“It hit really hard,” Timothy said. “Initially, I was discouraged.”
He underwent surgery to remove the tumor a week later, and a biopsy post-surgery found that it was cancerous, as the Rochester doctor had suspected.
After the whirlwind experience, Timothy and his family were hopeful they could put his cancer behind them. But he started having abdominal pains in late September, and a CT scan and blood tests in Parkersburg showed the cancer had likely returned.
Dr. Jan Duus at CVPH confirmed Timothy’s cancer was back on Oct. 15.
The difficult situation is made easier by the support Timothy has received from friends, professors and administrators at Ohio Valley University.
His friends planned fun activities for him, including a surprise trip to the movies, and the entire membership of social service club called Kappa, which Timothy participates in at college, wrote messages and signed a large board for him to keep.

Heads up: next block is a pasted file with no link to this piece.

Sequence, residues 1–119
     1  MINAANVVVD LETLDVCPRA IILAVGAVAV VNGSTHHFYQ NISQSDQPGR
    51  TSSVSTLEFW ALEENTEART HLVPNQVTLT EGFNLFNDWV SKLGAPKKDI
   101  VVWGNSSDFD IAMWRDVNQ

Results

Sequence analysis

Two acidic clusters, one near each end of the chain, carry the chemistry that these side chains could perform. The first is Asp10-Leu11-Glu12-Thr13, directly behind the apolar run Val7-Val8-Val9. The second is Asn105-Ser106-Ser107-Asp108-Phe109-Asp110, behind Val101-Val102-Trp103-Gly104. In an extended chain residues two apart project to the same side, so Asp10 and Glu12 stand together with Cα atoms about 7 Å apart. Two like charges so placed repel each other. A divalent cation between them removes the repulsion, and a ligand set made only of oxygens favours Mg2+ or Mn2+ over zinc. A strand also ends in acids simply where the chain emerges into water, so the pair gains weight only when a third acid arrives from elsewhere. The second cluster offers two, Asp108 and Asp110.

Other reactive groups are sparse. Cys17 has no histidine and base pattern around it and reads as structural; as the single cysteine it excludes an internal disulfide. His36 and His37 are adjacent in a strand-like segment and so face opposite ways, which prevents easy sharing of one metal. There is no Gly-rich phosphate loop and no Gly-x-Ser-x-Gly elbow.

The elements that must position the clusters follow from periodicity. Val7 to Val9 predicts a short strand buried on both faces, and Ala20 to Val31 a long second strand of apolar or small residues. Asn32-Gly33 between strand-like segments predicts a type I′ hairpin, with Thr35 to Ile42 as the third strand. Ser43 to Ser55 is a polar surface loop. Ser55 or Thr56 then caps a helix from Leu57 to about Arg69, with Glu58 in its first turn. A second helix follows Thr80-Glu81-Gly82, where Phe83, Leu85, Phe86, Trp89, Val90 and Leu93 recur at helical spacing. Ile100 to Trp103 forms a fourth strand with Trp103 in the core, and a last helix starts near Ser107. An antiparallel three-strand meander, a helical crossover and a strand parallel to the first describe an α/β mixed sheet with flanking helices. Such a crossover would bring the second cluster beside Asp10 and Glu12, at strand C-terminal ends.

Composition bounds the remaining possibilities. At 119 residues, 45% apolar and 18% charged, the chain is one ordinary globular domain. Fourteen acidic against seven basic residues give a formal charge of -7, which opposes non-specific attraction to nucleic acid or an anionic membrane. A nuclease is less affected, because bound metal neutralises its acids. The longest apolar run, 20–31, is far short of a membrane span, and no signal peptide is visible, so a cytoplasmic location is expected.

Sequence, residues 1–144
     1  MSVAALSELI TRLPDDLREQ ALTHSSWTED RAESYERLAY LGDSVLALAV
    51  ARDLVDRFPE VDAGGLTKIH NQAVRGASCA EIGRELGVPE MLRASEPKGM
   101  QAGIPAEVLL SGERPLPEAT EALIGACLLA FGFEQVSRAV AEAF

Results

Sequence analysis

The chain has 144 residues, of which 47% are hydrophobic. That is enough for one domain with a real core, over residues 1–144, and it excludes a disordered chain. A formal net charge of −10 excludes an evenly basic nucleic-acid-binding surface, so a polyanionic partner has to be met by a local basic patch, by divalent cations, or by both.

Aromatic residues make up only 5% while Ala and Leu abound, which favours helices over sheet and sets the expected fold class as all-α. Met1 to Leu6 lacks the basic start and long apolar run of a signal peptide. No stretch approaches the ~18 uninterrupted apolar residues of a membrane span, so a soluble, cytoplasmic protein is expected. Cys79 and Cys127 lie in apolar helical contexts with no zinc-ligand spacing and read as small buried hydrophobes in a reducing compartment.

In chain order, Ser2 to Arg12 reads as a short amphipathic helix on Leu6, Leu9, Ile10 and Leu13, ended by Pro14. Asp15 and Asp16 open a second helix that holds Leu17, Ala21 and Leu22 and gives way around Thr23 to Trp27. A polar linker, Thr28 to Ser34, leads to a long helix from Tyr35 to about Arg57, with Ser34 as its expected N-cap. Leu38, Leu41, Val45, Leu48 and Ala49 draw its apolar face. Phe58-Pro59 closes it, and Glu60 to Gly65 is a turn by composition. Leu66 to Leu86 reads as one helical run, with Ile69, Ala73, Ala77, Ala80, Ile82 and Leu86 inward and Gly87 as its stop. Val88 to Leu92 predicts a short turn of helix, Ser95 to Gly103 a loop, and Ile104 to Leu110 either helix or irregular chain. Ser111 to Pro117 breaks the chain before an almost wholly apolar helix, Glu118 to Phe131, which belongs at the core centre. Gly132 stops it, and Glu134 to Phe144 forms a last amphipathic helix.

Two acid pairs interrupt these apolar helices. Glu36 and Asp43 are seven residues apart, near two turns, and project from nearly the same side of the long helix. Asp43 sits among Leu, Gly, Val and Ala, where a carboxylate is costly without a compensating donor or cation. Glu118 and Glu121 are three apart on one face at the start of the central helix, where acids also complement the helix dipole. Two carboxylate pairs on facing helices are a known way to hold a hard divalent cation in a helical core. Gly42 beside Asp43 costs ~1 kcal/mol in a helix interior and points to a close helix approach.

“It will just be something encouraging to look at,” he said.
If the cancer warrants treatment with drugs, Timothy will undergo a nine-week course of chemotherapy done in three-week cycles, with doses of the medicine tapering off over time, he said.
Duus told him he would likely feel tired, run down and feverish as he progresses through the treatment. But because of his young age and otherwise good health, chemo would likely to be easier for him than others.
“I will feel the symptoms less than most people,” he said.
Timothy had to return home from college on Oct. 9 to prepare for treatment, should it be needed. Fortunately, Ohio Valley University officials agreed to let him complete all his classes this semester online, and they refunded his room and board money.
Insurance has covered most of the cost of Lori and Timothy’s treatments, Doug said.